“He kinda looks like a greyhound, just like, the way his body’s built.” They are gesticulating at the nearly cetaceous undulation of his spine.
“Yeah, we’re not sure. We were told he’s a black lab-border collie mix, but probably something else too. Maybe some greyhound.” I’m patting his back; yup he’s a dog alright.
“Yeah, you can kinda see it, just like, the way his body’s built.” Still miming the contours.
“Yeah, ha, he’s pretty skinny.” Pat pat, sure is a dog.
“Yeah, he looks like a greyhound, just like, the way his body’s built.”
This was when were returning some books outside the main public library, around the time I started reading a bit more. I had picked up Hanif Abdurraqib’s They Can’t Kill Us Until They Kill Us again after being halfway done with it for about a year.
Lots of people in Grand Rapids have met Teddy. He’s out a lot, and he’s easily recognizable. Apparently, there’s a city-wide sort of mixer game happening where people ask me what kind of dog he is and then tell me what kind of dog he is. Usually, he’s a greyhound, sometimes a Doberman (a woman planted her hands on her hips and her feet at shoulder-width in the middle of Logan as I was trying to cross and insisted), once a German short-haired pointer.
I’m sure this isn’t meant as a challenge. There are many white people in Grand Rapids, and gossiping about dog breeds is, I guess, what we do. It’s just an attempt to make a friendly connection, I’m sure, but I have friends, and I’m married, and I have this dog, and we’re just trying to get to the park to throw his ball while no one else is there. Though dogs aren’t supposed to be off-leash at Pleasant Park, there’s an unspoken but fairly successful social infrastructure of time-sharing in place for people to exercise their stir-crazy dogs there in peace. My time was ticking.
“Have you ever thought about having his DNA tested?”
“Ah, not really.” I would think about it if my life would be tangibly different in any way other than that I would be out a hundred dollars. Though seeing as the genetic makeup of the farm dog who nailed Teddy’s mom is of such great civic importance, I could probably cover the cost of a test by levying a tax on everyone who has offered that solution.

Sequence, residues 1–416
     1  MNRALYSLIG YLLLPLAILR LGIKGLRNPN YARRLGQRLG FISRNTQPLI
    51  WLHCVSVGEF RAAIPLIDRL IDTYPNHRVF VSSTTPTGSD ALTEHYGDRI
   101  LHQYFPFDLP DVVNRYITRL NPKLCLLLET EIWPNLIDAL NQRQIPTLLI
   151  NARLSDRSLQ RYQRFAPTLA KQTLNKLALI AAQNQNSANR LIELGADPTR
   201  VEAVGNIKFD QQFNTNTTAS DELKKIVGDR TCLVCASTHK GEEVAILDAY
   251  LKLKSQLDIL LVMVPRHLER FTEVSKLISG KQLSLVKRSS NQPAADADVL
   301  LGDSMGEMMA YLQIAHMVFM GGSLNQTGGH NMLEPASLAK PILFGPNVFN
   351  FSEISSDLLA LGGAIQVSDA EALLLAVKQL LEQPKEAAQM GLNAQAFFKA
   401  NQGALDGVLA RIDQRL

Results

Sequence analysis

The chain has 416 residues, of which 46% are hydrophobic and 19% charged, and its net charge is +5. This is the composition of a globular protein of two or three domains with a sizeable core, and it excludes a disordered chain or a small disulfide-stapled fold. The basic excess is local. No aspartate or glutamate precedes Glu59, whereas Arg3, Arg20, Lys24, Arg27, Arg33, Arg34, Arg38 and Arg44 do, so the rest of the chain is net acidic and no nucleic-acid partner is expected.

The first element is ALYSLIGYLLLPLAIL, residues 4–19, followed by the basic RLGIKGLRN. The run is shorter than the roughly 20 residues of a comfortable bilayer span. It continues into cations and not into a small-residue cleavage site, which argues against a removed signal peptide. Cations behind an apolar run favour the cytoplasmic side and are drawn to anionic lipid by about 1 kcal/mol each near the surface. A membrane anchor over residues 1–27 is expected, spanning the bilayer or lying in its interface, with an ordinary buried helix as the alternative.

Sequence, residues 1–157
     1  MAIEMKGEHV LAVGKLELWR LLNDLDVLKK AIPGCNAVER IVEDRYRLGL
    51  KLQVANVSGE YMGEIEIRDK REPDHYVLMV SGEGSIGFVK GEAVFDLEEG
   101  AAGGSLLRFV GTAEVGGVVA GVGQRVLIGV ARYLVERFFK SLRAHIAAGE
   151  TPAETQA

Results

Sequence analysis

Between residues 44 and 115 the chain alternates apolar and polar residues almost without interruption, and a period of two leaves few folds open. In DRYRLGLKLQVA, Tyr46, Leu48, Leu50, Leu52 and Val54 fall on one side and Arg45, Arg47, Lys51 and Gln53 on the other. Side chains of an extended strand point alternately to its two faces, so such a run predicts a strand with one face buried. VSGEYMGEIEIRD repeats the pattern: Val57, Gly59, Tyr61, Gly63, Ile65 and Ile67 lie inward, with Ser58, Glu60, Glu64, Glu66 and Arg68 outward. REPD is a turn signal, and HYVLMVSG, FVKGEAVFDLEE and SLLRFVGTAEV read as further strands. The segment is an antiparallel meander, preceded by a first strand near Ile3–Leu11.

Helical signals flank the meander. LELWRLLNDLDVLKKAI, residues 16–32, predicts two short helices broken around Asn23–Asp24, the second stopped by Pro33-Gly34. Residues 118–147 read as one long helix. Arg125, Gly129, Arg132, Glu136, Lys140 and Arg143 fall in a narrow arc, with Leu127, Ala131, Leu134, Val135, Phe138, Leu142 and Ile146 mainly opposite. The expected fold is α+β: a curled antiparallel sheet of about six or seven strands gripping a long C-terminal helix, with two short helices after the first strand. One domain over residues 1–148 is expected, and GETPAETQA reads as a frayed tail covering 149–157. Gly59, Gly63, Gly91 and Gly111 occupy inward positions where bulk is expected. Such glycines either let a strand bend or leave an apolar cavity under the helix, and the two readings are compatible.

I don’t like writing about artists I admire whom I’ve also met personally because I either feel like I’m doxxing them or like I’m trying to be some sort of insider, like I’m trying to claim some special connection with them. I guess “artist” is not the capacity in which I’m most familiar with Hanif Abdurraqib, not because he’s not a great artist, but because I’ve only read one of his four books, and most of what I have read from him are his tweets about dogs and ice cream. See, I already feel weird about this. I’ve seen Hanif read twice. In Chicago on the They Can’t Kill Us tour last spring when I was halfway done with it, and in D.C. on the Go Ahead in the Rain tour this past spring when I was still halfway done with They Can’t Kill Us.
He mentioned during that reading in D.C. that he had been considering getting a dog. In the book-signing line that I started by sliding towards him way too soon after the reading, Taylor and I told him that, for what it was worth, we totally recommended getting a dog. I proceeded to pull out my phone and show him pictures of Teddy. Surely this is somewhere near the top of the list of Things You Don’t Do At A Book Signing, Are You Serious? Showing a writer pictures of your dog that they did not ask to see makes “this is more of a comment than a question, really” look like as chill and woke of a way of engaging with someone you admire as when Anthony Bourdain and Obama shot the shit over street food in Hanoi.
But he said “Awwww” and signed our copy of Go Ahead in the Rain with “Thanks for pushing me closer to dog ownership.” And a few months later, he has a dog named Wendy—I would say ambiguous in breed but certainly with some labrador in the mix—who looks a whole lot not unlike Teddy. And I know this because he and his partner tweet about Wendy a lot, not because I’m some sort of insider. But I guess the rules of interacting with people are different, somehow, when dogs are involved. They seem to wrinkle the social fabric of a place because making connections in is in their DNA, even with people they don’t know, even with people who may not remember them.
Jeffrey (‘17) ultimately settled on studying film and media studies and French, though food is his greatest passion. He lives in Grand Rapids and is trying to teach himself computer science so he can, among other things, cyberbully Elon Musk.